Men are from Mars, women are from Venus, and gender stereotypes are for a different, less egalitarian era. But one stereotype about men really is true: as a whole, males are much more likely than females to avoid doctors, skip out on routine screenings, and pass on preventative care. Men often don’t see a doctor until real damage is done.
In fact, men are so inclined to skip out on physicals, tests, flu shots, and the like, that a worldwide charity called the Movember Foundation sprang up in 2003 to draw awareness to the health issues faced by men such as prostate and testicular cancer, conditions that are often highly treatable when caught early.
The need for opening up dialogue on men’s health remains great in America. Dr. Ridwan Shabsigh, head of the International Society of Men’s Health and a urologist in New York City, told NBC News at least 40% of American men in their 40s have never had a cholesterol test and one-third skip out on an annual physical.
Eye-opening research by two Princeton economists, Angus Deaton and Anne Case, show that death rates for middle-aged whites in the U.S. are rising dramatically not because of chronic, perennial killers like heart disease and cancer, but rather suicide, drug overdoses, and alcoholic liver disease.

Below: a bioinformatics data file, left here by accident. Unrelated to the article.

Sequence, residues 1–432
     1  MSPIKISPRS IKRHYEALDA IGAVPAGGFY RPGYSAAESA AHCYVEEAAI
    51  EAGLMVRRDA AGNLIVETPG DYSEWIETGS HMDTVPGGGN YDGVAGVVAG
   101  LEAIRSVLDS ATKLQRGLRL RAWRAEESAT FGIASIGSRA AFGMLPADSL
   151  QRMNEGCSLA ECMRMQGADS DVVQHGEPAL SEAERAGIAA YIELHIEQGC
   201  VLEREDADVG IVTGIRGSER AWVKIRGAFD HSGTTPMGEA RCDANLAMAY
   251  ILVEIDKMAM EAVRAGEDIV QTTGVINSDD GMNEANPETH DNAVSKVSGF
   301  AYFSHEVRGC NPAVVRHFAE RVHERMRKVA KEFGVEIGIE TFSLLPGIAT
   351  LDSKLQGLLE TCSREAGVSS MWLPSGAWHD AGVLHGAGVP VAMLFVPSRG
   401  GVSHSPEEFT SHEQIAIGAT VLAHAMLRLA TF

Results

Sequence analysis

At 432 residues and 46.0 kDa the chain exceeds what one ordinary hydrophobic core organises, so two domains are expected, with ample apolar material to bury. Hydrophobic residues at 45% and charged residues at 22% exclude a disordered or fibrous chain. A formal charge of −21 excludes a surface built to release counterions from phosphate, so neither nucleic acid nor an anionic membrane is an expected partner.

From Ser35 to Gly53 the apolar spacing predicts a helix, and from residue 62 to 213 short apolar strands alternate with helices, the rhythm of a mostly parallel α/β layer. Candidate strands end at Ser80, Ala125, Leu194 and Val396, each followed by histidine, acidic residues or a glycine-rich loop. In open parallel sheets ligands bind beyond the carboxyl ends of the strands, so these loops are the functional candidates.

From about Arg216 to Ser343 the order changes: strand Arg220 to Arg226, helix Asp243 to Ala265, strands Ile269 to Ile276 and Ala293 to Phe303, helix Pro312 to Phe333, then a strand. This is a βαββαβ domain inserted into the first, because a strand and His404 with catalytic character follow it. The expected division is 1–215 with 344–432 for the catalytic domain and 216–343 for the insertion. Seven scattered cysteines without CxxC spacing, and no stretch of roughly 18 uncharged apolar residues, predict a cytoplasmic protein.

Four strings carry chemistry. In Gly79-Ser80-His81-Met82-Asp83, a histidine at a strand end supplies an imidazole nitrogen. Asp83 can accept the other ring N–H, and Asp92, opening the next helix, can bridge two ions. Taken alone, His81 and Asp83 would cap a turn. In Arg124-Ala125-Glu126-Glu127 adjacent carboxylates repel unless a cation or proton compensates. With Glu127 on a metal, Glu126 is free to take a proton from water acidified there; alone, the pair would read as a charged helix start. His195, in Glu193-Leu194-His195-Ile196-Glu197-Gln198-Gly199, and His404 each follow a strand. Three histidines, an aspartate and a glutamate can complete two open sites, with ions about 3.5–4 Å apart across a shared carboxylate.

Cultural norms that encourage boys to “tough it out” and “walk off” the pain extend into adulthood, leading many men to shrug off not just physical pain but also psychological problems such as depression and anxiety. The Mayo Clinic notes that these ailments are often undiagnosed in men, who frequently self-medicate with drugs, alcohol, risky sexual activity, and other unhealthy coping mechanisms. This has the unfortunate effect of layering physical risk on top of poorly treated mental conditions, a toxic combination.
Too many men won’t initiate conversation about their health and well-being. Whether rooted in notions of masculinity or downright fear, this self-imposed culture of silence creates the worst kind of risk: that with no possibility of return, and for no good reason.
Employers can make a difference by establishing wellness programs that will help the men (and women!) who work for them stay healthy (which keeps the bottom line healthy, too.)
Loved ones can help by opening up a dialogue. Even a simple, “Hey, how have you been feeling?” can be enough to start the ball rolling.
Shannon Hudspeth, SPHR